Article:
• Fewer injuries
  • Quicker recovery from speed workouts and tempo runs
  • Reduced stress on bones, joints, and muscles
  • Improved muscle strength in your arms, torso, and legs
  • Enables you to increase weekly mileage safely
  • Less muscle fatigue, which improves the quality of workouts on hard days
  • More efficient running form
  • Weight loss

How to start running slower

First of all, don’t compare yourself to others in your running circle. Instead, go at your own pace. Each runner is different and focused on different goals, so chances are your slower pace or distance will not be identical to that of your running partner. For beginner runners, easy running might be a 13-minute mile pace. Advanced or elite runners might find a 7:30 or 6:30 mile is easy running.

Second, recognize that the slow run will be slower than you expect. According to running guru Jeff Galloway, it could be two minutes per mile slower than race pace. It is tempting to pick up the pace, especially if you feel good, so you must challenge yourself to focus on the overriding concept: running slow means running faster.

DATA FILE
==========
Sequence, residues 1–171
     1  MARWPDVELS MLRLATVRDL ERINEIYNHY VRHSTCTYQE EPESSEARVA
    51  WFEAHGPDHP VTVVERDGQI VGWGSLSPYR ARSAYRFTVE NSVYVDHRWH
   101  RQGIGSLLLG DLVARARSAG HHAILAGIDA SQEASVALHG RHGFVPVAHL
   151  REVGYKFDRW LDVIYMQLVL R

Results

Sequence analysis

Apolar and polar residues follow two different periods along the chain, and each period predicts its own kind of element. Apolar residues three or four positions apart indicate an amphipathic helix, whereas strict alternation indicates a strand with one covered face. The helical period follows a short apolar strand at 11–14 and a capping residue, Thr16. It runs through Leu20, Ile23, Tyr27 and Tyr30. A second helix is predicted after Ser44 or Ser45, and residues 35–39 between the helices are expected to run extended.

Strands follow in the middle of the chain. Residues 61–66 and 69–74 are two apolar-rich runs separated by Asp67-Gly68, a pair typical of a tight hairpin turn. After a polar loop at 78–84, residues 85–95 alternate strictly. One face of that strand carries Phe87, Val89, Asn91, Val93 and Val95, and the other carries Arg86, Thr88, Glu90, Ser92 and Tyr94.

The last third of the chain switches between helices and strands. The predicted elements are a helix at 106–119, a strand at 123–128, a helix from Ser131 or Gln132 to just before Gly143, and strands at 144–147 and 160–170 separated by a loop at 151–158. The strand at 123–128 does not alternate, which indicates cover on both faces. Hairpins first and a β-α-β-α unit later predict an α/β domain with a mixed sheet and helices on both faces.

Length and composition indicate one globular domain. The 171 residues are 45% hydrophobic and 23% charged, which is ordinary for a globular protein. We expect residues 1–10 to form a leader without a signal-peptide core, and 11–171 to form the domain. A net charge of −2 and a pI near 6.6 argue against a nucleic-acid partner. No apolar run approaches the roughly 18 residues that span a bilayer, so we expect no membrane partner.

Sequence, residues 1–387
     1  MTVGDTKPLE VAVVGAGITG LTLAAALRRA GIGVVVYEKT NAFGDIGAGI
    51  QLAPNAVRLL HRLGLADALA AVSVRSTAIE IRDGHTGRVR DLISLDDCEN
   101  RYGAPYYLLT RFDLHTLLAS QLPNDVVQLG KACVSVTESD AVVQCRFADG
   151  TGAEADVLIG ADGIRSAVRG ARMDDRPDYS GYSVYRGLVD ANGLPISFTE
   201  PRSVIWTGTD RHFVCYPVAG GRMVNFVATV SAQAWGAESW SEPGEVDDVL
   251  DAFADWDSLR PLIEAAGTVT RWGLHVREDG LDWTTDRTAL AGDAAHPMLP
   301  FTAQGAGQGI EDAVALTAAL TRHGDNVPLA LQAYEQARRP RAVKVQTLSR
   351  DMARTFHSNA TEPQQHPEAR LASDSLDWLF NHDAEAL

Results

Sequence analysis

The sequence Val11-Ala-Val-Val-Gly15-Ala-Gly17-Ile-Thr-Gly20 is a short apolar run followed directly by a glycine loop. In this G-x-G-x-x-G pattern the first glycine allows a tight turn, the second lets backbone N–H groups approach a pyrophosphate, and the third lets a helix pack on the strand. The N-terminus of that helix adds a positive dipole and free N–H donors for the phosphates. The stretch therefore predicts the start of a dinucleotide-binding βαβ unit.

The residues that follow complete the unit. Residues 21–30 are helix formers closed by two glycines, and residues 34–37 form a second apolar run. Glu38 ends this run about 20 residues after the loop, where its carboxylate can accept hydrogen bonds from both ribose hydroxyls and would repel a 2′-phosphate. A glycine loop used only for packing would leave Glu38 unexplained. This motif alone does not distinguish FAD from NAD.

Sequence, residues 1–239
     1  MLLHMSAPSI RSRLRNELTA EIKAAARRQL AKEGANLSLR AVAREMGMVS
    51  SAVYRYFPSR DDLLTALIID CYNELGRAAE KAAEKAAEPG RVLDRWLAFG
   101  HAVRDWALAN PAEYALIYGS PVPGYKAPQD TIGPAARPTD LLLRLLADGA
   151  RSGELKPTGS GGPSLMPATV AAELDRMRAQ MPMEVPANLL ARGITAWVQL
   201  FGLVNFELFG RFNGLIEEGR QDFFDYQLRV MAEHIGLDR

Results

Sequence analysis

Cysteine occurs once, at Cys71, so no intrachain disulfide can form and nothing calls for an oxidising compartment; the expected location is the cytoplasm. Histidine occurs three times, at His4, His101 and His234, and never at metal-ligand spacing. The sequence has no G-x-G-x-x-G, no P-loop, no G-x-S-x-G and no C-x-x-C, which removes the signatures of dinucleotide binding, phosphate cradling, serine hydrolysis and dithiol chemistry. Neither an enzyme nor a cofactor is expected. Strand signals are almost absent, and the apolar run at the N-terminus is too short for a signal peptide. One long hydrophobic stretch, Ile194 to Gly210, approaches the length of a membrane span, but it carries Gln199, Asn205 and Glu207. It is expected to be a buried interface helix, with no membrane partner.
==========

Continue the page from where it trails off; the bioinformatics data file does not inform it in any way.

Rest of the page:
running slower in the park

How often should you run slow?

The running world has all sorts of guidelines for ensuring a successful run. For example, road runners might shoot for a negative split, whereas ultra runners might follow the adage “start off slow and taper off.” However, one rule that all runners benefit from is the 80/20 rule. The 80/20 rule says that 80% of your running should be at a lower intensity. Only 20% of runs should be high effort.

How do you know what high intensity vs. lower intensity is? The threshold is that middle ground when you switch from aerobic running to anaerobic running. This “switch point” typically occurs at 75% to 80% of your heart rate. Easy effort is below the threshold; high intensity is at or above the threshold.

What is a slow pace?

The right pace for running slowly is any pace below the anaerobic threshold. You can calculate pace in several ways:

  • 60% to 70% of your maximal heart rate. To find your maximum heart rate, subtract your age from 220.
  • 115% to 120% of marathon pace
  • 90 to 150 seconds slower than goal pace